If an air conditioner is required, it's often a small unit and sufficient for all but the warmest climates. Sometimes only a large fan and the cooler evening air are needed to make the house comfortable. The house is closed up in the morning and stays cool until the next evening.

Smaller-capacity heating and cooling systems are usually less expensive to buy and operate. This helps recover the costs of purchasing more insulation, and other energy-efficient products, such as windows and appliances. Always look for the EnergyGuide label on heating and cooling equipment. The label will rate how efficient it is as compared to others available on the market.

In climates where summer cooling requirements dominate, light-colored materials and coatings (paint) on the exterior siding and roof can help reduce cooling requirements by up to 15 percent. Carefully selected and placed vegetation in any climate also contributes to reduced cooling and heating loads.

Energy-Efficient Appliances

Appliances with relatively high operating efficiencies are usually more expensive to purchase. However, higher efficiency appliances provide a measure of insurance against increases in energy prices, emit less air pollution, and are attractive selling points when the home is resold.

Home buyers should invest in high-efficiency appliances?such as water heaters, clothes washers and dryers, dishwashers, and refrigerators?especially if these appliances will be used a great deal. Because all major appliances must have an EnergyGuide label, read the label carefully to make sure you buy the most efficient appliance. To help you choose wisely, major appliances with an Energy Star? label exceed the federal government's minimum efficiency standards by a large percentage.

Energy-efficient lighting helps keep energy bills down by producing less heat and reducing cooling requirements. Fluorescent lighting, both conventional tube and compact, is generally the most energy-efficient for most home applications.

Advantages and Disadvantages

Houses that incorporate all of the above elements of energy efficiency have many advantages. They feel more comfortable because the additional insulation keeps the interior wall at a more comfortable and stable temperature. The indoor humidity is also better controlled, and drafts are reduced. A tightly sealed air/vapor retarder reduces the likelihood of moisture and air seeping through the walls. They are also very quiet because the extra insulation and tight construction helps to keep exterior noise out better.

But these houses also have some potential disadvantages. They may cost more and take longer to build than a conventional home if there's a lack of builder familiarity with new construction techniques and products available on the market. Even though the house's structure may differ only slightly from conventional homes, the builder and contractors may be unwilling to deviate from what they've always done before. They may need more training if they have no experience with these systems.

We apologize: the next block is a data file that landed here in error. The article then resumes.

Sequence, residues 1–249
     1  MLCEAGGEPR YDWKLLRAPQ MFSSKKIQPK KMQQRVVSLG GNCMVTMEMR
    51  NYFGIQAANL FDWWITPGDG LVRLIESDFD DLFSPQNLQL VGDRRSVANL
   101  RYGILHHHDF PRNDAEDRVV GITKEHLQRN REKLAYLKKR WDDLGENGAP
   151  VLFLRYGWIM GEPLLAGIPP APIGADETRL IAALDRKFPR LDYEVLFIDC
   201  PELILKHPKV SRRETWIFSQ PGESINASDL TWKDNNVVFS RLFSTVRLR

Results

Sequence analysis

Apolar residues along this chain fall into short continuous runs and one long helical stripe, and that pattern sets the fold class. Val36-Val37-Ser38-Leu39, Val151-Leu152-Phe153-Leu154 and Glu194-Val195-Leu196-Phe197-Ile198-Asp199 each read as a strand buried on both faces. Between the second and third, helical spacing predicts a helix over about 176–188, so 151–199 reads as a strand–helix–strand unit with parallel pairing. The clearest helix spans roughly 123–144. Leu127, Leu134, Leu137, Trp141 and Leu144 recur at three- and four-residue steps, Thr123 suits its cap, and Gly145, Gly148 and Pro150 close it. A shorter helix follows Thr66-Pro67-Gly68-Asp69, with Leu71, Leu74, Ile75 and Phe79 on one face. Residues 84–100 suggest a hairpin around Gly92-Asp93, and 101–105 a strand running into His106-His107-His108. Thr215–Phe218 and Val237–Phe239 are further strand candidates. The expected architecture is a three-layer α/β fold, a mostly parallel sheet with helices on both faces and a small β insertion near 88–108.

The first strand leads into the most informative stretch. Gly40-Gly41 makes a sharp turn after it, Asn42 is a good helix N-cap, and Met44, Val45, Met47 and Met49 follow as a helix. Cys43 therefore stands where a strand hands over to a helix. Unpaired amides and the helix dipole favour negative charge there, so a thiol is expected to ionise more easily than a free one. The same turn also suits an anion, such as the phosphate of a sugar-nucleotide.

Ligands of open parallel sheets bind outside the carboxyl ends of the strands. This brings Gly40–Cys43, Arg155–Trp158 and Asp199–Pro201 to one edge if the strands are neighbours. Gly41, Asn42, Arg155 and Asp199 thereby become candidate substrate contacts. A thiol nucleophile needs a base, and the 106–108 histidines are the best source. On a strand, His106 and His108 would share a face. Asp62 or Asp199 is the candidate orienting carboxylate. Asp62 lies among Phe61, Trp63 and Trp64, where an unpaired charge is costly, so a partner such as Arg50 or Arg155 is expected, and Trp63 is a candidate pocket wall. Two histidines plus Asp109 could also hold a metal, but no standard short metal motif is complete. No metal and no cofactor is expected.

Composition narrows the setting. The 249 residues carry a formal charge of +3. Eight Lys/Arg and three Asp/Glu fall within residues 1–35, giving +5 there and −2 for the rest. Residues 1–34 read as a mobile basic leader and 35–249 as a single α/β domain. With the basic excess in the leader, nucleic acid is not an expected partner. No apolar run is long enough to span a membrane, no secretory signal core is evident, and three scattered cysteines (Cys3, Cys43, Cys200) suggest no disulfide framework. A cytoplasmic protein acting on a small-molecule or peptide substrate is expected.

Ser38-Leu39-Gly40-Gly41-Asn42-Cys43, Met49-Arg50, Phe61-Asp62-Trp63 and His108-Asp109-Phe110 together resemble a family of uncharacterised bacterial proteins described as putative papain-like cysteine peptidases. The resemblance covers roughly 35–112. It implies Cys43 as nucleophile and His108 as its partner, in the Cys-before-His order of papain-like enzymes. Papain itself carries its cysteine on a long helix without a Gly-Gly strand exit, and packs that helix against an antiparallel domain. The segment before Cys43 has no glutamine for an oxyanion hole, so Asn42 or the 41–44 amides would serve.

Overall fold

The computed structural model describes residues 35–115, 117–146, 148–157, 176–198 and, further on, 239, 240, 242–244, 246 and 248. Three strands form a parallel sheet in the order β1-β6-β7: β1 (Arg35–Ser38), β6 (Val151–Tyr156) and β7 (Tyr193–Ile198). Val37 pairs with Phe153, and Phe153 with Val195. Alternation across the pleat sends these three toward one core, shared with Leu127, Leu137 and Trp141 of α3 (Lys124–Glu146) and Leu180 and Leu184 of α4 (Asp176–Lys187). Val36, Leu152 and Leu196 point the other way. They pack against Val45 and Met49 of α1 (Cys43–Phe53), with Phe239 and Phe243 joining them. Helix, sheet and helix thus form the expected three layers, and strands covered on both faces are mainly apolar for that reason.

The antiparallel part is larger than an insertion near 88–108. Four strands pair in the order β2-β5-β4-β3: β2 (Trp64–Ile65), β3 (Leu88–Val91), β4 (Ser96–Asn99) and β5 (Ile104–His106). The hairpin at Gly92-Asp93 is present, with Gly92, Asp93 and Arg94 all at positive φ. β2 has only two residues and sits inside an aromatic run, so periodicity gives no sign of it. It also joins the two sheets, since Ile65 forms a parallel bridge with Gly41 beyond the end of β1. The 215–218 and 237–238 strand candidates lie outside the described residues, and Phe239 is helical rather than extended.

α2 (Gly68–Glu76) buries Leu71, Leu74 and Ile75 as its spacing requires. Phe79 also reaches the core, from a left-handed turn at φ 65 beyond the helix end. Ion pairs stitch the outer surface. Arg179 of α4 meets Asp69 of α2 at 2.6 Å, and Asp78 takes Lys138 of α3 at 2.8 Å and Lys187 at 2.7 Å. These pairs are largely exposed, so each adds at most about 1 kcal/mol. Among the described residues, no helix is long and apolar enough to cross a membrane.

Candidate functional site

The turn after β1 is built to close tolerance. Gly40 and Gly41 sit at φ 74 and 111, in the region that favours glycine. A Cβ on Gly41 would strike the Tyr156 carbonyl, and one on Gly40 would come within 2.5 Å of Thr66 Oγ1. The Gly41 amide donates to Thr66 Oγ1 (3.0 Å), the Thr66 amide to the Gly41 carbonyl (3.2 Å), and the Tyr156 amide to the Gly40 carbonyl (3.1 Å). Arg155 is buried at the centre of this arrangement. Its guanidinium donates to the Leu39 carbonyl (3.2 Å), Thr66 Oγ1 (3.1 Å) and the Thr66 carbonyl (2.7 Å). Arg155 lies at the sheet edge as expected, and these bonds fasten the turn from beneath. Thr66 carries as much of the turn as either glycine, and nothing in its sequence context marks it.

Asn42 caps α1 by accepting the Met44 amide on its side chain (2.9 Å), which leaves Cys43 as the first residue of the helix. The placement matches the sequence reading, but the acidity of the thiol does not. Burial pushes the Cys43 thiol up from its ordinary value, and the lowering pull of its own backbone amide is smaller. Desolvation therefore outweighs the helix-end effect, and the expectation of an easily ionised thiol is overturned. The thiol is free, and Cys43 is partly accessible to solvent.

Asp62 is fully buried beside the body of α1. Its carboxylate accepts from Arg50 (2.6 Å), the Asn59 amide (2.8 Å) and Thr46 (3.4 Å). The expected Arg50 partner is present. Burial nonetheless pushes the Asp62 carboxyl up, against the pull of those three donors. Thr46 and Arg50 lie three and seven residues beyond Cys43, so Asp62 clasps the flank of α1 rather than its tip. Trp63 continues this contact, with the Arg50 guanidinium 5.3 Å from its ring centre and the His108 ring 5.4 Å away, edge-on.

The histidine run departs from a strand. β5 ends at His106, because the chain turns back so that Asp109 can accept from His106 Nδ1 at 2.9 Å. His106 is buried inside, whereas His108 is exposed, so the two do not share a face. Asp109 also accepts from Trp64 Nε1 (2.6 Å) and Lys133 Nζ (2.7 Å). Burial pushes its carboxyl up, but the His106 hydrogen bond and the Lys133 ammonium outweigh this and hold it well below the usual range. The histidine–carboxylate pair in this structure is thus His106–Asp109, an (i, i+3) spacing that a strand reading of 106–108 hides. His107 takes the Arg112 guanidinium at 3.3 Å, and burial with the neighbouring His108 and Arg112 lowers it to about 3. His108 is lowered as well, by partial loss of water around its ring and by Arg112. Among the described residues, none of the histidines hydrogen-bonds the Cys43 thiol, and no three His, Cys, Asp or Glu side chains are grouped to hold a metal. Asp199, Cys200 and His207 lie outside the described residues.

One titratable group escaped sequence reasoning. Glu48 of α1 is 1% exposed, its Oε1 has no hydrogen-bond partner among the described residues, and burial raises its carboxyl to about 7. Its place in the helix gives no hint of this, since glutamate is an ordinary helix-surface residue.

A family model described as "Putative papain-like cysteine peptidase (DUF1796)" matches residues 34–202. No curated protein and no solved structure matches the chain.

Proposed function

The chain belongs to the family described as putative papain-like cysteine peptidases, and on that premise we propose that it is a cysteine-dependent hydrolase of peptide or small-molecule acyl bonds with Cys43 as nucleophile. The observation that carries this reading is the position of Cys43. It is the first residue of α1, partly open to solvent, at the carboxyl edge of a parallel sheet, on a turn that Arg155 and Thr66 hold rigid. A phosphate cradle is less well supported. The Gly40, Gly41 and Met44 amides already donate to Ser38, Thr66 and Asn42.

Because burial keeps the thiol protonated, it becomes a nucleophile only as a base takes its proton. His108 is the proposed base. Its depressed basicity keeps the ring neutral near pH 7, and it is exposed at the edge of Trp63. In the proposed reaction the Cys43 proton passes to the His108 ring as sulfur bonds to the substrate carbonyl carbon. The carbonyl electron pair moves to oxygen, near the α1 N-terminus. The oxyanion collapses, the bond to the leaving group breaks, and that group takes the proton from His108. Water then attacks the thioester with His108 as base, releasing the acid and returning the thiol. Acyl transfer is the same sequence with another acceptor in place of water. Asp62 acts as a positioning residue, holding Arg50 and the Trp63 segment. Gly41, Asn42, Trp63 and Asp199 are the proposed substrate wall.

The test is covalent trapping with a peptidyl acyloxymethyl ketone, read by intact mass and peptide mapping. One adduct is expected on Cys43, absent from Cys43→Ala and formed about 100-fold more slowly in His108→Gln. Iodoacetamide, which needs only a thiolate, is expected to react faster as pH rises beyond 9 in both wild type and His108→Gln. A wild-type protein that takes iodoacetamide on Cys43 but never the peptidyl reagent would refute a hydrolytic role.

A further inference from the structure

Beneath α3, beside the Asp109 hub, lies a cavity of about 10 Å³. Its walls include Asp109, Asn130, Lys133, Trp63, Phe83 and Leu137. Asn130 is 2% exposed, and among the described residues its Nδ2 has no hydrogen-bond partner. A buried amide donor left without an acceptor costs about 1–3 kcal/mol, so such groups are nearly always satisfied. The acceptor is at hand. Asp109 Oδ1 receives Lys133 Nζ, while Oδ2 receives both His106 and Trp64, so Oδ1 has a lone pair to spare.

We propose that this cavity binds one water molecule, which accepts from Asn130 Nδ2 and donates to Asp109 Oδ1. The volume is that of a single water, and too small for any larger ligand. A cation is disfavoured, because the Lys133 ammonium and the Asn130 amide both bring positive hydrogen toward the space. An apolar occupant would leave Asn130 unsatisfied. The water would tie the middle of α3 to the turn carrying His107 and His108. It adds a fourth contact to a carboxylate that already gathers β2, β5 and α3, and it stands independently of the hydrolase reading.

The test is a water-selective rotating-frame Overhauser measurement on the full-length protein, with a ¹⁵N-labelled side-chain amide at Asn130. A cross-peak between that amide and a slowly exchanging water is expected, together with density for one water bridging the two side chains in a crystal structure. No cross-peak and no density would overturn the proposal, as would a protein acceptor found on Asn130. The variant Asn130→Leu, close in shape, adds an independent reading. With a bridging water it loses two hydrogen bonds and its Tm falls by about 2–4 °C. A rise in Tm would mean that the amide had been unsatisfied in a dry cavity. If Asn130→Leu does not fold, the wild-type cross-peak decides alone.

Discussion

Building and Buying

Before you start a home-building project, the building site and its climate should be carefully evaluated to determine the optimum design and orientation for the house. There are energy-related computer software programs that can help with these evaluations. The design should accommodate appropriate insulation levels, moisture dynamics, and aesthetics. Decisions regarding appropriate windows, doors, and heating, cooling, and ventilating appliances are central to an efficient design. Also the cost, ease of construction, the builder's limitations, and local building code compliance should be competently evaluated. Some plans are relatively simple and inexpensive to construct, while others can be extremely complex and, thus, expensive.

An increasing number of builders are participating in the federal government's Building America and Energy Star? Homes programs, as well as local home energy rating programs, all of which promote the construction of energy-efficient houses. Many of these builders construct energy-efficient homes to differentiate themselves from their competitors. Construction costs can vary significantly depending on the materials, construction techniques, contractor profit margin, experience, and the type of heating, cooling, and ventilation system chosen.

Because energy-efficient homes require less money to operate, many lenders now offer energy-efficient mortgages (EEMs). EEMs typically have lower points and allow for the stretching of debt-to-income ratios. State and local government energy offices can be contacted for information on region-specific financing.

In the end, your energy-efficient house will provide you with superior comfort and lower operating costs, not to mention a higher real estate market value.

Credits: US Department of Energy (http://www.eere.energy.gov/consumerinfo/factsheets/eehouse.html)